Thought Broadcasting: Can Others Read Your Mind?

Thought broadcasting is a disorder experienced by people with schizophrenia. This belief that others can read their mind and know what they're feeling is a common characteristic of this condition, which leads to much distress.
Thought Broadcasting: Can Others Read Your Mind?

Last update: 09 July, 2021

Thought broadcasting is a disorder and a common symptom in people with schizophrenia. It’s when a person with this condition thinks that others can read their minds. They experience it in a rather disturbing and desperate way. It’s as if the entire world could suddenly hijack their inner being.

Thought disorders occur in those with bad cases of schizophrenia. This difficulty to reason in a clear, logical, and flexible way is usually absent in most of these patients.

To understand it better, imagine for a moment that the human mind is a puzzle in which each piece fits perfectly. In a person with schizophrenia, that puzzle is sort of blown apart and every piece is out of order and out of place.

As you can imagine, thinking logically is impossible for them. Thus, they collapse and become incoherent, even delirious. In fact, they can’t even articulate the chaos of their internal universe.

“Schizophrenia can’t be understood without understanding despair.”

-R.D. Laing-

A head in the clouds.

What’s thought broadcasting?

As we mentioned above, this is a recurrent disorder in patients with schizophrenia or other serious mental health problems. It’s common for a person with this disturbance to say things like, “I don’t need to talk to you because you already know what I’m thinking. Everyone can see what goes on in my mind”.

This phenomenon is part of what psychology refers to as thinking process abnormalities. The person feels like their internal world is completely beyond their control in these highly distressing situations. Having no control over yourself must be one of the most disturbing experiences a person can feel, hence the harshness of this disease.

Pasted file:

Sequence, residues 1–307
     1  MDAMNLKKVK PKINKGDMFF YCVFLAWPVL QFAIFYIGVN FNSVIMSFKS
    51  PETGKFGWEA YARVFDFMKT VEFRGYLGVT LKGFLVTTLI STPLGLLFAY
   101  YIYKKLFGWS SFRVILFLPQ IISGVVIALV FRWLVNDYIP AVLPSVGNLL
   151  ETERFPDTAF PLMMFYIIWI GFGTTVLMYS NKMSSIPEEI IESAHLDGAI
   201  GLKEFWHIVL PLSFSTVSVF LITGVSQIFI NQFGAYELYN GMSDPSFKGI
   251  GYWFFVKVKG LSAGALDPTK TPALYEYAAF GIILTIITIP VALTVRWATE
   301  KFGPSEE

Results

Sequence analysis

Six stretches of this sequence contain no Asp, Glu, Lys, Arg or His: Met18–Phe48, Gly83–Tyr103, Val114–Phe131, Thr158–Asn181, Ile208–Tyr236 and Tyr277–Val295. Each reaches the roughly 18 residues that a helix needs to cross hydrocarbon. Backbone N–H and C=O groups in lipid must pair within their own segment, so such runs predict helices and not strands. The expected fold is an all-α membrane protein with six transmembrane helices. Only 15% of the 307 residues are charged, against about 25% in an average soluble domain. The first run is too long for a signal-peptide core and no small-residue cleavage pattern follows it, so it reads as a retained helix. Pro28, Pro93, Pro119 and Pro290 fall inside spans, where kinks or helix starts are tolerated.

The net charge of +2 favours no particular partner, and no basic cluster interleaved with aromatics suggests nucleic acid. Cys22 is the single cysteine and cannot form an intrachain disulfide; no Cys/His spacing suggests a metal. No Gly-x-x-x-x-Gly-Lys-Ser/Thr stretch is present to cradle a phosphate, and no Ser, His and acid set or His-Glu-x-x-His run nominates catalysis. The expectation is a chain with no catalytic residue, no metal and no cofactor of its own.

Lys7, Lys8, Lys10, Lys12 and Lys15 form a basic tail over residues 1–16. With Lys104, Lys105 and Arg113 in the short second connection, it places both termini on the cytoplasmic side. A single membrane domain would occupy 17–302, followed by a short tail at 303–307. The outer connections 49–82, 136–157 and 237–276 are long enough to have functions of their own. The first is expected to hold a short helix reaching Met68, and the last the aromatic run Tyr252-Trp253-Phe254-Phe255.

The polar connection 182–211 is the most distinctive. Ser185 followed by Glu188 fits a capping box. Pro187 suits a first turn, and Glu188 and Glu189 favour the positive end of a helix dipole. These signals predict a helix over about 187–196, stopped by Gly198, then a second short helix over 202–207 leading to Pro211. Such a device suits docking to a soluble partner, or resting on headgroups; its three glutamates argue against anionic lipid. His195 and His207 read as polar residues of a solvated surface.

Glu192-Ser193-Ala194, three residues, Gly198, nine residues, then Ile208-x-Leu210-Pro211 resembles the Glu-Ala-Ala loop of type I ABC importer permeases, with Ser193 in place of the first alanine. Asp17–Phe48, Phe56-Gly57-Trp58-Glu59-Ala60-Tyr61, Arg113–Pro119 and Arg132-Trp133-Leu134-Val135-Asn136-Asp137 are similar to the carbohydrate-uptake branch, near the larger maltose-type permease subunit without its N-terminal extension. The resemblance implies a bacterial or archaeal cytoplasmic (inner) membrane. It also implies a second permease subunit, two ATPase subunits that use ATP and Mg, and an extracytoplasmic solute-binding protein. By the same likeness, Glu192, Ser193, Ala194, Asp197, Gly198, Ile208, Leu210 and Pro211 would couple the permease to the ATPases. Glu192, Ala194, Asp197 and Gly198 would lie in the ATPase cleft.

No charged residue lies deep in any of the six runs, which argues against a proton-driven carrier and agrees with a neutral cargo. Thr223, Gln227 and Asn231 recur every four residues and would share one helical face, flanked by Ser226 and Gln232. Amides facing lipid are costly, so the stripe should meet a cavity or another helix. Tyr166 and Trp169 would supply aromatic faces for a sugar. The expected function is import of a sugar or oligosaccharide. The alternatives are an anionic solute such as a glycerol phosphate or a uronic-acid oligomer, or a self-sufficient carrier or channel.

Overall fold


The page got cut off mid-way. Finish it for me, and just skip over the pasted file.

Also, people with schizophrenia show many more alterations in addition to this characteristic. They may experience hallucinations, language disturbances, cognitive problems, and disorganized behavior.

Not only might they hear voices, but they may also struggle daily with chaotic thinking and the idea that the entire world is against them.

In addition, thought irradiation is one of the positive symptoms of schizophrenia. These include delusions and all thought disturbances in addition to hallucinations. Negative symptoms, on the other hand, include everything from behavioral problems to psychophysical symptoms (muffled voice, lack of expressiveness, apathy, etc.).

The origin of thought broadcasting

In order to speak of the origin of thought broadcasting, we must delve into the cause of schizophrenia. Currently, this chronic and disabling brain disease is almost always explained from a neurological and biological standpoint. Biochemical alterations in the dopamine, GABA, and glutamate systems and in the NMDA and nicotinic receptors are quite evident.

Moreover, research such as that conducted at Johns Hopkins University in Baltimore points out that structural and functional brain imaging tests reveal several abnormalities.